These questions can also be useful as part of your year-end check-in, as a crowbar for when you’re feeling stuck on your message or as a place to begin when you need to re-think what you’re doing.

They may seem simple. But each of them is capable of unleashing many interesting conversations about your services and how you’re selling them. They can uncover new ways of positioning what you do, for whom and why. And they’re invaluable for pulling you out of the inevitable internal, organizational mindset and planting you more firmly in your clients’ shoes.

Answering them with thoughtfulness will get you where you want — and need — to go. Here are some to get you started:

  1. What is the real service you are selling in 3 to 5 bullet points?
  2. What are the 5 major strengths of your service? Of your firm?
  3. What do you not offer that your competition does? What do you offer that they don’t?
  4. What is your clients’ mission? How are you helping to meet it?
  5. What are the 5 most important features of your service?
  6. How can you translate each of those into 1 tangible benefit for your clients? (What’s in it for them?)
  7. How do they feel when they’ve received those benefits? What do they really gain?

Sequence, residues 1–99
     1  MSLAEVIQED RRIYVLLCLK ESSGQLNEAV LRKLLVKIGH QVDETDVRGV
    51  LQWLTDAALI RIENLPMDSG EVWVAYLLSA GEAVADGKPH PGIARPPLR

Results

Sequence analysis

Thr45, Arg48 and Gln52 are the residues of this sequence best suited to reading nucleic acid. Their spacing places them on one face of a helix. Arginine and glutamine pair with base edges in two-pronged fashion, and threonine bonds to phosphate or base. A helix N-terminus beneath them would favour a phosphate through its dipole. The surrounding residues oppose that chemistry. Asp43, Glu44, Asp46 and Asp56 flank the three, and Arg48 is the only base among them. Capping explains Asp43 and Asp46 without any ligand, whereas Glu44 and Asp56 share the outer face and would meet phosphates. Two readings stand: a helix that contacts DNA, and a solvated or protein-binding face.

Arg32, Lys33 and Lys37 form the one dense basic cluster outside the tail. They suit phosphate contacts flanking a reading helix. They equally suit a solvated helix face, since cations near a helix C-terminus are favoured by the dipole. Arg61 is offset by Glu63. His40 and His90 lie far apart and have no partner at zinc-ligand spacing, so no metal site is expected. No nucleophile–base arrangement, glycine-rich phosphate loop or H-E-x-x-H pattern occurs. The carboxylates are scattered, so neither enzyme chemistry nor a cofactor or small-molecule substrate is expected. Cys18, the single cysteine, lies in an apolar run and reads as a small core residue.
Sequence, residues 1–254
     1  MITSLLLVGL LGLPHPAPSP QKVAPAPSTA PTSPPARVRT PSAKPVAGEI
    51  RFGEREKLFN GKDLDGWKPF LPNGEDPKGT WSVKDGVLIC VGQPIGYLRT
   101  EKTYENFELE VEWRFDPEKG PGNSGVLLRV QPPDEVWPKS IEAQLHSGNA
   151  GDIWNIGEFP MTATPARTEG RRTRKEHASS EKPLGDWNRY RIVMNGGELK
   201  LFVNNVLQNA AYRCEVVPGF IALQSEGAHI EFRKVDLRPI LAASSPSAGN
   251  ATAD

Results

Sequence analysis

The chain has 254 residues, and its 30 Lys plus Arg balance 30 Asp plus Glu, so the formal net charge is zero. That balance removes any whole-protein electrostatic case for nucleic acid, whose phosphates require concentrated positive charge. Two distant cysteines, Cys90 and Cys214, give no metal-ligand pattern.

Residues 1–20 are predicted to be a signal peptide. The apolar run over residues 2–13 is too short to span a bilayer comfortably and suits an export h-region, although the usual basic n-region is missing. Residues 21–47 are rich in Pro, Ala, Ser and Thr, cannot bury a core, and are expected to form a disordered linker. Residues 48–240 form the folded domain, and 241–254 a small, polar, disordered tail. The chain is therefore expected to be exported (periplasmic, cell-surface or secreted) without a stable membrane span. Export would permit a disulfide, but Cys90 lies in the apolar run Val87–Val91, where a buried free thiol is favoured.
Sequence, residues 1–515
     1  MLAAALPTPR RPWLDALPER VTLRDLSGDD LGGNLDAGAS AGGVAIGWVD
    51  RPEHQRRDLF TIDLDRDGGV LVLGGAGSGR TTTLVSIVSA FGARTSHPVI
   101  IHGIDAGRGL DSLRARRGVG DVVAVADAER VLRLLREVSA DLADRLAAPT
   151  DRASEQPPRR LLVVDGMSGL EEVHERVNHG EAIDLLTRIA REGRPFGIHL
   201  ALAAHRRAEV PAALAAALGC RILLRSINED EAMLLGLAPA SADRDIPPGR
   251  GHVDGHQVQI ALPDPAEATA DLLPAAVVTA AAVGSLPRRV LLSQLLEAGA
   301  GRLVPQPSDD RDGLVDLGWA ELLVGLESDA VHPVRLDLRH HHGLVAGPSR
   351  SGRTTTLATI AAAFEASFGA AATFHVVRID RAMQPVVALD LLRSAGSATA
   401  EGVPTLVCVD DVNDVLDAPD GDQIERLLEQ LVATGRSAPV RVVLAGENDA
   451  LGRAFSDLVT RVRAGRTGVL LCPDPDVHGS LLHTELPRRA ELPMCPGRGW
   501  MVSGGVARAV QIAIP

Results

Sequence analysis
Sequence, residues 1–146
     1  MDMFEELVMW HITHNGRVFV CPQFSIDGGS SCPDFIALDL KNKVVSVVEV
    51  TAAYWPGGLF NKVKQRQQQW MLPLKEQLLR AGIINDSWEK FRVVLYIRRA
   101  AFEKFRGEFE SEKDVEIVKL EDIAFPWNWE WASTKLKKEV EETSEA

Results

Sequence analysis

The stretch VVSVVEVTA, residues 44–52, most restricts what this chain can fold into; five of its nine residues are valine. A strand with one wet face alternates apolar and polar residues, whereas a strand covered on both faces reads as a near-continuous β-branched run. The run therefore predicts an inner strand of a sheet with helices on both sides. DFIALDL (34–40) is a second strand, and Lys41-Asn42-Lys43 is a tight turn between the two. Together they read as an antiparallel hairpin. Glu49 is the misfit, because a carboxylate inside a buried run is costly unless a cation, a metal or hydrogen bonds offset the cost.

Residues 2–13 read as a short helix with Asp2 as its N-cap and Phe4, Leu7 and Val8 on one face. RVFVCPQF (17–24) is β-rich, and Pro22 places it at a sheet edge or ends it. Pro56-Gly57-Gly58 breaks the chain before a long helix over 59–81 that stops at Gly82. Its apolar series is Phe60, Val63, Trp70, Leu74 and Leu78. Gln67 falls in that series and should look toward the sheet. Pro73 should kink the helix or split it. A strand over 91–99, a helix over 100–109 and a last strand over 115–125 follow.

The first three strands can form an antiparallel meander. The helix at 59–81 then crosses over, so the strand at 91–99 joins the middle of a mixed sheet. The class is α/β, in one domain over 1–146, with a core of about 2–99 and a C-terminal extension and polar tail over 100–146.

8. Does your service head off potential problems or headaches for your clients?
  9. How do clients feel when they avoid that issue? What do they gain?
  10. Which words do your clients use when describing the problems that your service solves?
  11. What are your prospects’ top 5 reasons for buying this service? What are they really looking for?
  12. When you ask clients about their experience with your firm, what words do they use? (You’re asking them, right?)
  13. Which values guide your business? How are they visible in the work you do with clients?
  14. Name 3 positive side effects of your services. Do clients understand the value of those effects?

Try it. Run through them and then, taking all you’ve learned, describe in 1 or 2 sentences what gives this service (or maybe your whole firm) its unique value in the marketplace. We’d love to hear your experience. Email us at sally@artisancopy.com or rich@friedmanpartners.com.

 

By | 2017-07-31T13:30:23+00:00 April 2014|Business Strategy, Marketing & Branding|

About the Author:

Rich Friedman, President of Friedman & Partners, has worked in and consulted for the A/E/C and environmental consulting industries for more than 25 years. Starting out in the trenches as an environmental consultant and business developer for Stone & Webster Engineering in Boston, Rich expanded his reach as the partner in charge of marketing and business development research, consulting and training for ZweigWhite. He also managed a variety of other projects involving strategic planning, mergers and acquisitions, and executive search. Since launching Friedman & Partners, he has worked with firms at all levels, from small niche consultants to large ENR 500 organizations. He’s also conducted hundreds of seminars and workshops for firms, design and environmental industry professional associations and venues, including AIA, SMPS, ACEC, AGC, NSPE, Build Boston/ArchitectureBoston Expo (ABX), WTS and Chief Executive Network.